Two takeaways from National Pork Industry Conference

Are we doing everything we can as an industry to keep African swine fever out of the United States?

Steve Malakowsky Compeer Financial, Vice President and Industry Specialist

July 24, 2019

5 Min Read
pigs on farm in China_zhaojiankang_iStock_Getty Images-700500398.jpg
zhaojiankang/iStock/Getty Images

I spent last week in attendance at the National Pork Industry Conference meeting at the Kalahari Waterpark and Conference Center in Wisconsin Dells, Wis. They had a full house there, with almost 1,000 registered attendees. The lineup of speakers was first class again this year. Sessions covered almost every topic you’d ever need being in the swine industry. This year they had two main sessions going at the same time part of the day on Tuesday plus several breakout sessions as usual. As expected most of the discussion, presentations and late night talk centered around African swine fever, China and trade opportunities.   

Can we be doing more to keep ASF out of the U.S.?
There was plenty of great information at this year’s conference. However, to me there were two key takeaways. The first had me wondering if we are doing everything we can as an industry to keep ASF out of the U.S. The presentation was titled “What are we doing to Mitigate African Swine Fever & Other Foreign Animal Disease (FAD)?” 

A panel of highly respected veterinarians in the industry consisting of Scott Dee, Pipestone Veterinary Clinic, Dave Pyburn, National Pork Board, Paul Sundberg, Swine Health Information Center and Liz Wagstrom, National Pork Producers Council discussed the ability of a foreign animal disease being present and spread in a way we haven’t seen before. Is it possible for ASF to be present in raw materials, survive transport and transmit to healthy animals via feed? Since the majority of our vitamins and minerals are sourced from China this is something every producer should be concerned with. As recently as 5 years ago it was proven that porcine epidemic diarrhea virus could be transmitted via feed and there’s still speculation on how it was introduced into the U.S. swine herd.

First, I would like to thank Dr. Scott Dee for sharing his presentation with me on the research being conducted to test the survivability and transmission of a FAD in feed. His research centers on utilizing feed additives to mitigate the transmission of a FAD to a live hog. He is currently conducting tests with products from several companies to determine their effectiveness.

The live viruses used in this test are PED, porcine reproductive and respiratory syndrome and Seneca Valley A. As of this time, test results have not been published and I will leave that to the professionals to release once they have a level of confidence in their findings. However, the observations made to date are promising that a feed mitigation strategy can help reduce the transmission of a disease via feed consumption and reduce storage time needed for feed additives once they arrive in the U.S.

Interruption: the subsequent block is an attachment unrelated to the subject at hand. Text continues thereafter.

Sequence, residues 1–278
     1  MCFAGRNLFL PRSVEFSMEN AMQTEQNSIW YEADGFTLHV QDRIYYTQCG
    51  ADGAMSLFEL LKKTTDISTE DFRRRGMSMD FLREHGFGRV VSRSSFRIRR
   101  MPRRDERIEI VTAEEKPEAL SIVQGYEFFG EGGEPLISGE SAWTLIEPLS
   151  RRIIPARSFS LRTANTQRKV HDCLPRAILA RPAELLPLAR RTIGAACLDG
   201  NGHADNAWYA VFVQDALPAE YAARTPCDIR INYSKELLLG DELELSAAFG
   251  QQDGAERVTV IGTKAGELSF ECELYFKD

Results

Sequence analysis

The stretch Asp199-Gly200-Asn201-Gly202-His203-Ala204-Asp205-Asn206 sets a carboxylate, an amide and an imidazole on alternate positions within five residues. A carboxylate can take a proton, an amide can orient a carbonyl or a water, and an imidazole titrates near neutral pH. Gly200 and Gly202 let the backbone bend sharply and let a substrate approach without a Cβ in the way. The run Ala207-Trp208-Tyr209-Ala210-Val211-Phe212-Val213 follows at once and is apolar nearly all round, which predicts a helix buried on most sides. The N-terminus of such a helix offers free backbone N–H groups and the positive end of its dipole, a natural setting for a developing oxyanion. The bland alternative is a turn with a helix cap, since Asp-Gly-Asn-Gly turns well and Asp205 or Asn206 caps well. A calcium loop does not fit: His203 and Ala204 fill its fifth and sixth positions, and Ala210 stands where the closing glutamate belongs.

I believe we need to continue to support industry efforts to find ways to protect our industry. We all rely on exports to be profitable. With the continued need to export 30% of our product, I urge every producer to look for ways to help mitigate entry of a FAD into the U.S.

China’s impact on the global pork economy
My second key takeaway is from a presentation by Brett Stuart from Global AgriTrends. Brett had some of the best information I have seen on China and the impact on ASF in China. Brett’s presentation made perfect sense regarding why China has had record amounts of pork in cold storage.

Initially China’s policy on ASF was to indemnify pork producers hit with ASF. These funds were to come from their respective local governments. However, with the rapid spread of the disease, the need for funding rapidly outpaced funding sources. The only recourse for farmers in China is to take every hog to market immediately, regardless of size. They are able to accomplish this based on the overabundance of packing capacity they have in the China. Once the breaks in China subside, slaughter in China will be reduced dramatically. Based on reports of the sow herd being reduced anywhere from 30% to 50% or more, there simply isn’t enough available pork for export in the world to fill the needs of China. This will provide an opportunity for the U.S. hog producer, but we just need to wait for that opportunity and do everything we can to make sure we keep ASF out of the U.S. in the meantime.  

Interest rates move lower
If you currently have all variable rate pricing on your debt, now might be the time to look at locking in lower rates. Everyone is looking for the Federal Reserve to reduce interest rates at least 25 basis points during their next meeting. Looking at low unemployment and inflation, rates have been held in check and if the Fed lowers the Fed Funds rate that might be the only downward move we see this year. Right now, long-term rates are inverted with short-term rates, meaning you can lock in a long-term rate lower than current variable rates. In the current rate environment the seven-year rate is bringing the biggest value. If you are open to long-term interest rate exposure now is the time to assess and mange that risk.

Steve Malakowsky is a senior swine lending specialist, with over 21 years of experience at Compeer. For more insights from Malakowsky and the Compeer Swine Team, visit

Source: Steve Malakowsky of Compeer Financial, who is solely responsible for the information provided, and wholly owns the information. Informa Business Media and all its subsidiaries are not responsible for any of the content contained in this information asset.

About the Author(s)

Steve Malakowsky Compeer Financial

Vice President and Industry Specialist, Compeer Financial

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